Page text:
”there is no place to run to”… – the quote from B. Grebenschikov’s song “This Train’s on Fire”: “Our train is on fire / there is no place to run to. / Long ago this land was ours, / before we got trapped in this war. / And it will die if it is nobody’s, / it’s time for it to be returned”.

The principle of intertextuality, which destroys a purely linear structure of the text and suggests taking into account the author’s dialogue (or even a polylogue) with “someone else’s text” (Suhanov, 2019), can be considered implemented only if the reader is able to catch the presence of “someone else’s text”. This task should be fulfilled through comments.

In the novel “The Yellow Arrow”, intertextuality is presented through literary quotes, which are mainly taken from the classic “range” of works of the Silver Age poets that became “fashionable” in the mid-1980s, and especially from the poetry of N. Gumilyov, who was banned under the Soviet regime. The introduction of these quotes is also subordinate to the author’s task to characterize the transitional era of Russian history:

“On Early Trains” – B. Pasternak’s poem (1941).

“The Petrograd sky grew dim with rain ~ filling wagon after wagon…” – the quote from the poem “The Petrograd Sky Grew Dim with Rain” (1914) by A. Blok.

… all look alike with faces like an udder – it was ~ underlined quote of Gumilev… – It can be compared with N. Gumilev’s poem “The Streetcar That Lost Its Way” (1919): “And then the executioner, / In red short, with face like an udder, / Chopped of my head…”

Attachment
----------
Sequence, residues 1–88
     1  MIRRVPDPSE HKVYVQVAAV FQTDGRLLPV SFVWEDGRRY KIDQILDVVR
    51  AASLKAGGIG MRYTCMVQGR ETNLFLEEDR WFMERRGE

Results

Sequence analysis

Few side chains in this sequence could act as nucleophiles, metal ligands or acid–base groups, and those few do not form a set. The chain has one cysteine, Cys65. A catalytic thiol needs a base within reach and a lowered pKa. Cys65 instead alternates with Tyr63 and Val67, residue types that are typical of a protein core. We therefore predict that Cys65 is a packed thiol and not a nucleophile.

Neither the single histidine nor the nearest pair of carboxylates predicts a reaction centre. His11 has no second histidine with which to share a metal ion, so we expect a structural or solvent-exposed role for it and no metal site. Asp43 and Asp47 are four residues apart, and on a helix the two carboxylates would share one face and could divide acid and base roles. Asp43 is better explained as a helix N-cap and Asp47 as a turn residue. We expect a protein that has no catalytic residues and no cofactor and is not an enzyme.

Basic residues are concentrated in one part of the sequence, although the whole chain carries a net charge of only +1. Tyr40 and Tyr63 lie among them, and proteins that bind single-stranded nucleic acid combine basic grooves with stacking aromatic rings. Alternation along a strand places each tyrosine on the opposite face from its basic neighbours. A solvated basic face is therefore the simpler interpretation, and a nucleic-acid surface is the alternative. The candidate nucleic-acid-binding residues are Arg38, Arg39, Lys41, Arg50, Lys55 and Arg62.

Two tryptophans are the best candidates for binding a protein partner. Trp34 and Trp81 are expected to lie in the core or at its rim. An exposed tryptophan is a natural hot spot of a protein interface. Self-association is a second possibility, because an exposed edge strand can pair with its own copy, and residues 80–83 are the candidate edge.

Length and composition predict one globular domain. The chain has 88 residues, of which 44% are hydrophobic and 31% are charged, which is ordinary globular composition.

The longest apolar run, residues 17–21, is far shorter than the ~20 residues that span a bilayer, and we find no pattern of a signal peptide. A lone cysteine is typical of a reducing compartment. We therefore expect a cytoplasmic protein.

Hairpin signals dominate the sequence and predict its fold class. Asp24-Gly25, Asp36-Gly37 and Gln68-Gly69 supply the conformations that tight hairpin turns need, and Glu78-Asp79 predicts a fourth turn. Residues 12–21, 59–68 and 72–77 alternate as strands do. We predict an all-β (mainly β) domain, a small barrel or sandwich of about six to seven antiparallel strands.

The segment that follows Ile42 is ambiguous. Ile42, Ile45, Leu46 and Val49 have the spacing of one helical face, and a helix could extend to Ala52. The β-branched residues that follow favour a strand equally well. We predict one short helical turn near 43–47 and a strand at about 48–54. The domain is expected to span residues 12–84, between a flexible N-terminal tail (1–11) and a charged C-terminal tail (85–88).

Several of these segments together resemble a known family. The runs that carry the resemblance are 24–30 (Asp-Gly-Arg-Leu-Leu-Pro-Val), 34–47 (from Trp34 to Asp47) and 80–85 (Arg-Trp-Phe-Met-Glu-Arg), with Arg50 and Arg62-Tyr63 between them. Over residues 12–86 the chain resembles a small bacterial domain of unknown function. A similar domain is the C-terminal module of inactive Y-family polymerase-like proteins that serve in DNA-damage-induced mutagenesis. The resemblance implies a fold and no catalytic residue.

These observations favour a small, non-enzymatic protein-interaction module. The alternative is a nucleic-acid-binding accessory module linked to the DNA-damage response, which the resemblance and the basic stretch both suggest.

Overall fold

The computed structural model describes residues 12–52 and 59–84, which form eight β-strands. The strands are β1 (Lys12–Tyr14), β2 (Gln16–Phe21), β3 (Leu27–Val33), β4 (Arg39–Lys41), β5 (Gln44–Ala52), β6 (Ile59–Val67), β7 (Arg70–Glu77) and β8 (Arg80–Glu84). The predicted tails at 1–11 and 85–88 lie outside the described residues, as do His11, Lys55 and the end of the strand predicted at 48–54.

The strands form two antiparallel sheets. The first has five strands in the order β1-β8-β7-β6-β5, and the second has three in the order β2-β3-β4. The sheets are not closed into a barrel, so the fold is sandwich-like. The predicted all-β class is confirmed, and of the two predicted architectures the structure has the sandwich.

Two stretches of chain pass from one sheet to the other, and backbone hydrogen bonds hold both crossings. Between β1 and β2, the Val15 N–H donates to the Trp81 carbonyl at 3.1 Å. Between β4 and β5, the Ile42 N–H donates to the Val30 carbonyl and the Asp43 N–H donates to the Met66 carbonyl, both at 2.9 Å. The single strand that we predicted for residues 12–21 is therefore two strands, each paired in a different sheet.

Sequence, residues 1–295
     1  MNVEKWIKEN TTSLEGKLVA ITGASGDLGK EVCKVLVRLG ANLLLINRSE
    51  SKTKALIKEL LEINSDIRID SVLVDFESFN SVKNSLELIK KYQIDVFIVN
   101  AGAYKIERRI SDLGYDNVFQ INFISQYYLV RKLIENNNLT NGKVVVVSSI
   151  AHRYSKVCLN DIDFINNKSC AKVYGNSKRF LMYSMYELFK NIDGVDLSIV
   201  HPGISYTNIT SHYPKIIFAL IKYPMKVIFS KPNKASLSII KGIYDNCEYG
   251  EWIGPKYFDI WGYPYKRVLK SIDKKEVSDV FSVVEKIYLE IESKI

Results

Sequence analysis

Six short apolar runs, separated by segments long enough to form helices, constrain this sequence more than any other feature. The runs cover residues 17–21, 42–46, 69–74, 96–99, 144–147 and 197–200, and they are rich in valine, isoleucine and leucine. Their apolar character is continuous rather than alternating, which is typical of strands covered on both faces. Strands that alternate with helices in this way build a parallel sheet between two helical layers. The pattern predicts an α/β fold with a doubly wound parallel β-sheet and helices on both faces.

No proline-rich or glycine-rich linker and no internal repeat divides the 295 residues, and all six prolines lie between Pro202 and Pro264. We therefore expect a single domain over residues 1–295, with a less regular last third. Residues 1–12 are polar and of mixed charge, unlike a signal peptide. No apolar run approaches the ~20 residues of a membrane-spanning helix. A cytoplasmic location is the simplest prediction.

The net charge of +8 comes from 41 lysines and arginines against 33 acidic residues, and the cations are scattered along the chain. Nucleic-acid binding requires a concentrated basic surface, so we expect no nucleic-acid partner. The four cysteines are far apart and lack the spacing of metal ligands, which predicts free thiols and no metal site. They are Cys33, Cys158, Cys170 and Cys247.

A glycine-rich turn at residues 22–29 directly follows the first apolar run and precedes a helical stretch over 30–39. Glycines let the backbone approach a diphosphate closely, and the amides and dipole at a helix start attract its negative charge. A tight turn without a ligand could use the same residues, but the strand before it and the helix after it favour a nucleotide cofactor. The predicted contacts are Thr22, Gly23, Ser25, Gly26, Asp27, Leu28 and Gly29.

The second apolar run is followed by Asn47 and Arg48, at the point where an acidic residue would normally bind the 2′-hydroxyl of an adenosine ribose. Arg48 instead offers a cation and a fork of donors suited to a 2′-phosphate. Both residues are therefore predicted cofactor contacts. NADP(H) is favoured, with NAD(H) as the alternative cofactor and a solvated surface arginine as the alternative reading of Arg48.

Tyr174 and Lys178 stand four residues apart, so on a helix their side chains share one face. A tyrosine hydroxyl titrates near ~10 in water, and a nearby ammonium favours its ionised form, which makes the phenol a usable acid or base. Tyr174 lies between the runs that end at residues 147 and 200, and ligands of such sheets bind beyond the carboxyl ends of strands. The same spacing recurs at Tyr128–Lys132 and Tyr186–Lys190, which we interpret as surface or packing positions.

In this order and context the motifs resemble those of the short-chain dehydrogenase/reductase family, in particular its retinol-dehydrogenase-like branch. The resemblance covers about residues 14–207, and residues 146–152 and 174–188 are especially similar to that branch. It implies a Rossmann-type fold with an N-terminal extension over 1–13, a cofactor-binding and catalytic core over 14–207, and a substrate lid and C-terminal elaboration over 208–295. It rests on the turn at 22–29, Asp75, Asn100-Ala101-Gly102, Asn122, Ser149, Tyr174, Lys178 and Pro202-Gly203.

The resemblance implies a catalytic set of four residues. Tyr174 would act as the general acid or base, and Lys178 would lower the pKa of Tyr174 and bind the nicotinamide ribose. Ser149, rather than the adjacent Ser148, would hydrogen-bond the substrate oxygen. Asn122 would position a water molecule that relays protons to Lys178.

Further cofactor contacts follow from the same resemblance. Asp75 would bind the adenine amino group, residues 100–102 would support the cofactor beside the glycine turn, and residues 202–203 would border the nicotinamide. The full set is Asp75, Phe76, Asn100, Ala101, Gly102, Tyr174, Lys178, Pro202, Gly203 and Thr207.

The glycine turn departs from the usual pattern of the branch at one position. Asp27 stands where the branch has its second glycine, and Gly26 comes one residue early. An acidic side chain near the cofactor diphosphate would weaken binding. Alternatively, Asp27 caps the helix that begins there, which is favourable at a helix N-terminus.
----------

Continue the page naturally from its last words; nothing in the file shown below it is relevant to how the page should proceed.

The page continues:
“The Yellow Arrow” is a work of a postmodern writer. The author constantly “plays” with his reader. The text of the story is full of “false” moves, “tricks” and puzzles that require decoding, guessing and understanding. The interpretation of these “puzzles” should add some irony to the text, with the help of which, according to the author, it is possible to overcome the tragic perception of the sharp turns of Russian history at the end of the 20th century. Here are some examples:

…popular Estonian singer Guna Tamas … – Literary “game” of V. Pelevin. “Tamas” (Sanskrit) or “tama guna” is one of three gunas of material nature in Hinduism. Tamas is the quality of inertia, dullness and roughness. In the cycle of birth and death, the result of the effect of tamas on an individual is degradation into lower forms of life.

…about the work of Japanese film-director Akira Kurosawa “Dodesukaden” ~ made in 1970 based on the novel of Ryūnosuke Akutagawa “The Sound of Invisible Wheels”… – Literary “game”, mystification of V. Pelevin. “Dodesukaden” (“The Sound of Streetcar Wheels”) – the film of Japanese film-director Akira Kurosawa (1970), based on the book of Japanese writer Satomu Shimizu “The Street without Sun”. There is another film of Kurosawa based on Ryūnosuke Akutagawa’s story “In a Grove” – “Rashōmon” (1950).